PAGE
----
President de la Torre called on graduates to appreciate those who helped them to reach this milestone in their lives.

“Today’s commencement ceremony is not only symbolic of your accomplishments, but also is a testament to the support structures around you — family, friends, faculty and staff — who believed in you every step of the way, sharing your anxiety, fears and frustrations and transforming them into the energy that propelled you forward,” de la Torre said. “It’s been a group effort.”

Health Professions, Student Advocacy in the Spotlight

University leaders lauded those in the health professions, many who have been at the front line. More than 300 SDSU nursing students were trained to administer COVID-19 vaccines across San Diego. The students are now at county vaccination sites directly assisting with vaccinations.  

“I want to congratulate all of the graduates, and recognize that you are ready to explore new and thrilling opportunities that will have an impact on the broad spectrum of health and human services, and a profound effect on individuals and communities throughout the world,” said Steven Hooker, dean of the College of Health and Human Services. “I’m very proud to be your dean.”

Leaders also acknowledged those who have advocated for environmental sustainability, equity, justice and basic human rights. De la Torre  acknowledged the hundreds of students who danced all night during the Dance Marathon at SDSU, raising more than $372,000 for patients and families at Rady Children’s Hospital of San Diego.

“You are all stronger and better prepared for whatever life brings because of what you accomplished and also when you accomplished it,” de la Torre said. “If anyone wants to know what it takes to maintain focus and commitment in chaos and uncertainty, they can look to our 2020 and 2021 graduating classes and see what you are made of.”

Seven Honorary Degrees Recipients Recognized

Thuan Dinh Nguyen was honored with the Doctor of Humane Letters in recognition of his significant accomplishments and impact in education, with more than 20 years of service to the field.

A former refugee from South Vietnam, Nguyen survived jail and torture before the age of 5. Today, as chief operating officer for AVID (Advancement Via Individual Determination), Nguyen oversees digital teaching and learning for the nonprofit organization dedicated to supporting underserved students. Nguyen has held executive roles in information technology, instructional technology, safety and security, communications and public relations, and has been recognized nationally.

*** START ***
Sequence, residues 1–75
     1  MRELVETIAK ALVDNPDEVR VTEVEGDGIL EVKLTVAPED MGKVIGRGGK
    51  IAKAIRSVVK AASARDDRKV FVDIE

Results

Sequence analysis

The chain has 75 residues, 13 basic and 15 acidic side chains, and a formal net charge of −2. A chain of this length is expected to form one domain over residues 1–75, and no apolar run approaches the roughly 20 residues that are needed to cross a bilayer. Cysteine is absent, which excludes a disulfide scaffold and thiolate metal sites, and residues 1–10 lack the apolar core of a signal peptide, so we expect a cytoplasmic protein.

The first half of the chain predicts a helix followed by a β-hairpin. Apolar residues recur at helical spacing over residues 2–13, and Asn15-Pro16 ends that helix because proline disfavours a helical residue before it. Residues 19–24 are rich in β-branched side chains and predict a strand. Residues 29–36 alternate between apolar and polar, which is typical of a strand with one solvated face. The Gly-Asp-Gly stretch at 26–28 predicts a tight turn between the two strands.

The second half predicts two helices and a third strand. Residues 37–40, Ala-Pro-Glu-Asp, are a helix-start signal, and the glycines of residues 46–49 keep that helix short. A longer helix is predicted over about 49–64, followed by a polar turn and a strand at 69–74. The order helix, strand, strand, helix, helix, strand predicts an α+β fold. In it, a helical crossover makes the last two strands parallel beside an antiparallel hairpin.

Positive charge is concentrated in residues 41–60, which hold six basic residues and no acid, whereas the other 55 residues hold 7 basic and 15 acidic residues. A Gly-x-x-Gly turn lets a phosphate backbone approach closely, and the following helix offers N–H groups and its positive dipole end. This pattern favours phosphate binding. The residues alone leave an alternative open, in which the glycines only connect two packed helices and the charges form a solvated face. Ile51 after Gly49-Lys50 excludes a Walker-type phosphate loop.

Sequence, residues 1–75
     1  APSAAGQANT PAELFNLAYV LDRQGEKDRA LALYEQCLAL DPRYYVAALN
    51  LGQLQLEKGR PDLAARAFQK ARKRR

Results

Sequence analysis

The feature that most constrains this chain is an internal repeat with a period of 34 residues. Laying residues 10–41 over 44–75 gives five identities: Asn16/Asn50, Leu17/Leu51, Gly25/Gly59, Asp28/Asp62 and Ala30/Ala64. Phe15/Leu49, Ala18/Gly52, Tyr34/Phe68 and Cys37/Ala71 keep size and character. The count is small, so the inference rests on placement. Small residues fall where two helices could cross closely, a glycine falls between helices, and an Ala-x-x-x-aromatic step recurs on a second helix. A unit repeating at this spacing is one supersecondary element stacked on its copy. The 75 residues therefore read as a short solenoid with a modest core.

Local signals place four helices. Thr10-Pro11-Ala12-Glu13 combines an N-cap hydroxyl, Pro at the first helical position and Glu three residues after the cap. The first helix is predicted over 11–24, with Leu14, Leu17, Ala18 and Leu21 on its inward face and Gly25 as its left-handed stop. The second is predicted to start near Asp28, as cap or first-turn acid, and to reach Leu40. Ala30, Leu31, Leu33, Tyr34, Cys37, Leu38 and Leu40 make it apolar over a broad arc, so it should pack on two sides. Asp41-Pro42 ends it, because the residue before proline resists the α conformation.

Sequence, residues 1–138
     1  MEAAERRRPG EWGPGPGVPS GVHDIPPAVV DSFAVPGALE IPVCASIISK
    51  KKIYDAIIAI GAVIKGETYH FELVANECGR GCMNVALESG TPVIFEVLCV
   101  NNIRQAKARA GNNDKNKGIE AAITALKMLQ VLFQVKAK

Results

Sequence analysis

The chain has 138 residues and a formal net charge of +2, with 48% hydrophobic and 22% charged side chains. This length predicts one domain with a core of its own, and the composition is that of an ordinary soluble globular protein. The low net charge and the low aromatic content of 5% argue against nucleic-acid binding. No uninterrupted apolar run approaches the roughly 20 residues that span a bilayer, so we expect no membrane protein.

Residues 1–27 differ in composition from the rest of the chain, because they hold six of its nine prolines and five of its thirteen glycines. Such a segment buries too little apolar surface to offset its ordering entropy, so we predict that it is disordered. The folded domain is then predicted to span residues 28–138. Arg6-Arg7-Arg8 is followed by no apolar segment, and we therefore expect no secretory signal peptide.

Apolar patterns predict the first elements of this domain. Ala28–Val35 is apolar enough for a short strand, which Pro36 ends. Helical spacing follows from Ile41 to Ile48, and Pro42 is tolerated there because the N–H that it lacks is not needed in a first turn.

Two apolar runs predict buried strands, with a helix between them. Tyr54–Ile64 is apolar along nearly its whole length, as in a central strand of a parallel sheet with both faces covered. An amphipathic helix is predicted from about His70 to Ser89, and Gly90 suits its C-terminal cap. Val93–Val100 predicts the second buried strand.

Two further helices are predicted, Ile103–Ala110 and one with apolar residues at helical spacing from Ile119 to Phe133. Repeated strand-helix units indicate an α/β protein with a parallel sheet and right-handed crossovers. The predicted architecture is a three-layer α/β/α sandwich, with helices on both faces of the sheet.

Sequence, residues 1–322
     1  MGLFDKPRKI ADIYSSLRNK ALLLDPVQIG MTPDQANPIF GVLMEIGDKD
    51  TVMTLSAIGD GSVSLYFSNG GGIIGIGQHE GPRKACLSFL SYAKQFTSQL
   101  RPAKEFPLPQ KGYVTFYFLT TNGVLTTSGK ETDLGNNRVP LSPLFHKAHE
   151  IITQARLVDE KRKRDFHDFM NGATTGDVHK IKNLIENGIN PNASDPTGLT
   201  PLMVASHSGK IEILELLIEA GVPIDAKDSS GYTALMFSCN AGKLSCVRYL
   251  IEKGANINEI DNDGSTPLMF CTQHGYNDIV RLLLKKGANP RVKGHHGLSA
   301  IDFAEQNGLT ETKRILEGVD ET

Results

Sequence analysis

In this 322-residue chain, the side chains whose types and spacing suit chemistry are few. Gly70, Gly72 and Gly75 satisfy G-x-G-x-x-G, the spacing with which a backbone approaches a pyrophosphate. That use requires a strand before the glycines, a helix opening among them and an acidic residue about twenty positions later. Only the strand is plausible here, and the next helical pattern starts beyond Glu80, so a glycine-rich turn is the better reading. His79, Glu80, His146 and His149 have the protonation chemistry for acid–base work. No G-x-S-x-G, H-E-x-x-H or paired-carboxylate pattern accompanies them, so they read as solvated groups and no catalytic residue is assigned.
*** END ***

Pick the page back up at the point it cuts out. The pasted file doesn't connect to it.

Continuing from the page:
“I want to thank my parents who, like so many immigrants, made countless sacrifices so that my siblings and I could have a better life,” Nguyen said during the commencement ceremony. “I am not sure that I could have shown the same courage.”

SDSU awarded seven honorary degrees this commencement season, including three held over from 2020. Other recipients are: Steve Doyle, Walt Ekard, Jose Padilla, Jessie Knight, Joe Kiani and Nicole Clay.

Moment of Silence

SDSU Provost Salvador Hector Ochoa took a moment to remember faculty, staff and students lost over the past two years during their military service, as well as the countless lives lost during the COVID-19 pandemic.

SDSU President, AS President Charge to Graduates

President de la Torre encouraged graduates to remember that “with this diploma come also new obligations,” and to remain connected to one another and to the university.

“We know that you will continue to pay that investment forward so that future students can walk in your footsteps and relish in their unique SDSU experience,” de la Torre said. “We are exceedingly proud of what you have accomplished, who you are becoming, and even more, of who you will continue to become.”

Christian J. Holt, outgoing Associated Students president, called on graduates to remember the “Concept of One,” a leadership charge he and other officers developed this academic year.

“The Concept of One is essentially everyday leadership in action. It is truly that one kind gesture that you may have given a stranger or friend that made a life-changing impact on them and led them to pursue something they may have never thought of before,” said Holt, a College of Health and Human Services graduate. “Leadership is not about the awards, titles, nor accolades. It is about inspiring people to be better versions of themselves and the impact that one is able to leave on others.”